MOSCOW (AP) — The Russian defense ministry on Thursday said it was conducting drills involving a guided missile cruiser in the eastern Mediterranean, which could be near the Syrian coast.
Russia recently has ferried weapons, troops and supplies to an airport near the Syrian coastal city of Latakia in what the U.S. sees as preparations for setting up an air base there. Moscow has denied that it is building up its presence there in order to protect its long-time ally, Syrian President Bashar Assad, but said instead that it wants to help him fight the Islamic State group.
The defense ministry on Thursday announced the drills "in the eastern section of the Mediterranean" later this month and in October involving a guided missile cruiser, a guided missile destroyer, a landing ship and other ships. Pre-empting possible questions about the sensitive timing of such maneuvers, the ministry said Russia always holds an array of military drills at this time of the year and that the government approved the Mediterranean maneuvers a year ago.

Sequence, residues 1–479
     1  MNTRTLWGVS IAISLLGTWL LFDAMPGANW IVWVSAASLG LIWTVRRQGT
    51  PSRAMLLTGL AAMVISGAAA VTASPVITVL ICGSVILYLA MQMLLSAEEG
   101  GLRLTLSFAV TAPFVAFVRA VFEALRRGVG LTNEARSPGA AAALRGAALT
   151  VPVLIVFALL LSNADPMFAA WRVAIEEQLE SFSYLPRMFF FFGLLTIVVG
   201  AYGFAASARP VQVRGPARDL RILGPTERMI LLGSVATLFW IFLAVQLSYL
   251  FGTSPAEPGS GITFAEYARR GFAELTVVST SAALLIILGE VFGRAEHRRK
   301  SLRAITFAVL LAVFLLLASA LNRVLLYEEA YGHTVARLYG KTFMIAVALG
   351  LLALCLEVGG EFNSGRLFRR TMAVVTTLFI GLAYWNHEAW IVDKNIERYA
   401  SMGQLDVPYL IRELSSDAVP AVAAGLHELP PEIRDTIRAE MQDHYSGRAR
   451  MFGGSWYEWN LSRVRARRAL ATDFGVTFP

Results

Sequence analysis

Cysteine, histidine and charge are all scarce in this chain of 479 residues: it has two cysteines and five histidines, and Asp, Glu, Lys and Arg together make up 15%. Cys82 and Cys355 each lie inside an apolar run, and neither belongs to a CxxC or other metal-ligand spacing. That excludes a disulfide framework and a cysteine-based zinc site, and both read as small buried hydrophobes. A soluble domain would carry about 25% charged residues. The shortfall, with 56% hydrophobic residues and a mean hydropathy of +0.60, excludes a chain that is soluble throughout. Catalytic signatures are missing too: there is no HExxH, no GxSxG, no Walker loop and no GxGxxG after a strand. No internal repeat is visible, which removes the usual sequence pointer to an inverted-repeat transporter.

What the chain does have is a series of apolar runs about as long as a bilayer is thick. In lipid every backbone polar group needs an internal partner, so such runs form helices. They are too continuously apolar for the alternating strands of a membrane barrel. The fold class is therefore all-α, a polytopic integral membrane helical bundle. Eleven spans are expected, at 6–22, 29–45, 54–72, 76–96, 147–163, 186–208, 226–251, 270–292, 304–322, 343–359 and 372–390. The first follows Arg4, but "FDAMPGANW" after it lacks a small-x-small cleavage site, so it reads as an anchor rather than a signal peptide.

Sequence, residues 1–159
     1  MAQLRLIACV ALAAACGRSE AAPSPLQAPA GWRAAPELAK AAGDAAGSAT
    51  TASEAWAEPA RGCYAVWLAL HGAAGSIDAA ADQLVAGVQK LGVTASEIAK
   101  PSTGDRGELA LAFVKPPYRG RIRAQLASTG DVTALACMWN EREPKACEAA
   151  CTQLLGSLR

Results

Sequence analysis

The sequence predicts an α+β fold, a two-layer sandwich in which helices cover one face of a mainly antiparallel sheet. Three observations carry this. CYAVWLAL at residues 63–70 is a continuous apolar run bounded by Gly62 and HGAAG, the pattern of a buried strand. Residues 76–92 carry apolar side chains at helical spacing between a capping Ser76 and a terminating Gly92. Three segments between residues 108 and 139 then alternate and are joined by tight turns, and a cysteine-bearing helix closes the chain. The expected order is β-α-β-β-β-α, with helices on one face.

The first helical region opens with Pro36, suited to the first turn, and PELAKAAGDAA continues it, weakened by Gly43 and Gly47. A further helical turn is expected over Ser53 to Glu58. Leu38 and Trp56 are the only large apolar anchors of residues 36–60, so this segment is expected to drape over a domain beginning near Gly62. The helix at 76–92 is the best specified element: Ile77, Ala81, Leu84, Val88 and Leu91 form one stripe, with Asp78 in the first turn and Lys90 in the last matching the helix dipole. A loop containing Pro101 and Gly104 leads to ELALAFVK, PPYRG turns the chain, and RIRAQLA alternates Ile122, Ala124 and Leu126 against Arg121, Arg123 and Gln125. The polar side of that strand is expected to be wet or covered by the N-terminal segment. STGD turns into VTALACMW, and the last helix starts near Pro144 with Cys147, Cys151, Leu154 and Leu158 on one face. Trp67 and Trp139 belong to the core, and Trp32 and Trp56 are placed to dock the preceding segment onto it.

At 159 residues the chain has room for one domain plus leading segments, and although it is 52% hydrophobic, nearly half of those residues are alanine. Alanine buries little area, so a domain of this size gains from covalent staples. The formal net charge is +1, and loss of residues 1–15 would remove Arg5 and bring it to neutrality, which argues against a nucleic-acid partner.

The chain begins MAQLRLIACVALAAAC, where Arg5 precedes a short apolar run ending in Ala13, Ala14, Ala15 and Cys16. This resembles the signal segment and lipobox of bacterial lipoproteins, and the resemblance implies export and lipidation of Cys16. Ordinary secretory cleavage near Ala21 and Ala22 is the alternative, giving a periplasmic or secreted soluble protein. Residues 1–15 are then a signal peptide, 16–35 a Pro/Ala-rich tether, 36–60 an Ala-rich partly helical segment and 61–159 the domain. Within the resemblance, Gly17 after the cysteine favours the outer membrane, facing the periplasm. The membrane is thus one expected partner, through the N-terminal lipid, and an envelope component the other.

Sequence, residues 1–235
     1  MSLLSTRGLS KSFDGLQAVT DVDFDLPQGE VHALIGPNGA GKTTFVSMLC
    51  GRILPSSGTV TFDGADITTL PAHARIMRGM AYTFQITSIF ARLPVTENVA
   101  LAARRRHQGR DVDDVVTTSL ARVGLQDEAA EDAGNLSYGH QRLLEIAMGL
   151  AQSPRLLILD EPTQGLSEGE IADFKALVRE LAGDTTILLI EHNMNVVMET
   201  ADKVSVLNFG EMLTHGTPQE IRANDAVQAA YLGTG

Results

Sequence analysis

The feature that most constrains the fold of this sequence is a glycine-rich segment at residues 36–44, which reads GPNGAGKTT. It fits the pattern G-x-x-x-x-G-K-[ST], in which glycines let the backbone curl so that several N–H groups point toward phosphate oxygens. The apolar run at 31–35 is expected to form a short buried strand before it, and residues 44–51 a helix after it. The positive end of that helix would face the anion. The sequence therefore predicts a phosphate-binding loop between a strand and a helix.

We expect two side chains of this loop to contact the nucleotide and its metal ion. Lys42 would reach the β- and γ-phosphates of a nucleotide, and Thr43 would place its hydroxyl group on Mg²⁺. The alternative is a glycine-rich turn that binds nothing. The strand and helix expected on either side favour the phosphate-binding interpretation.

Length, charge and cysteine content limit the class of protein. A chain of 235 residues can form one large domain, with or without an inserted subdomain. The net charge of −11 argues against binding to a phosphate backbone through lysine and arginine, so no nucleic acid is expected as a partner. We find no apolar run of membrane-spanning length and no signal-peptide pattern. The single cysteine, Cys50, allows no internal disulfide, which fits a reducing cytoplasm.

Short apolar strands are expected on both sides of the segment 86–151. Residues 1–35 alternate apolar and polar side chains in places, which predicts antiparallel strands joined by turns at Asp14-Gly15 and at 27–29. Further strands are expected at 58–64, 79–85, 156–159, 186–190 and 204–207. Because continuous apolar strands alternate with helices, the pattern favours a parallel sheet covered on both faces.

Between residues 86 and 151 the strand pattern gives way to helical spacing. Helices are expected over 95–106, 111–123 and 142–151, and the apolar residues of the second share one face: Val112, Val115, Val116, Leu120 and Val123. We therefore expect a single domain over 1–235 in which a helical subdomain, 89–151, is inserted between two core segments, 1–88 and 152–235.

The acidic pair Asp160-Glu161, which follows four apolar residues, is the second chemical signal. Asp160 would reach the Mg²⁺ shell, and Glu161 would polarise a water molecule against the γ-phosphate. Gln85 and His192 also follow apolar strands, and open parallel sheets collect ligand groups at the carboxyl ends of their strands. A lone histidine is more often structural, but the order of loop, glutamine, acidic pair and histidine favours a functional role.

The Moskva guided missile cruiser left the Russia-occupied port of Sevastopol in Crimea earlier on Thursday and went to the Bosphorus, the ministry said without specifying the destination.
In Moscow, presidential spokesman Dmitry Peskov blasted foreign media for the hype over Russia's presence in Syria, saying that a recent report that Moscow could be preparing for a unilateral strike on the Islamic State group in Syria is "speculation that has nothing to do with reality."
Peskov also said he had no knowledge of any plans for President Vladimir Putin to ask the Russian parliament to give the green light for sending Russian troops to Syria.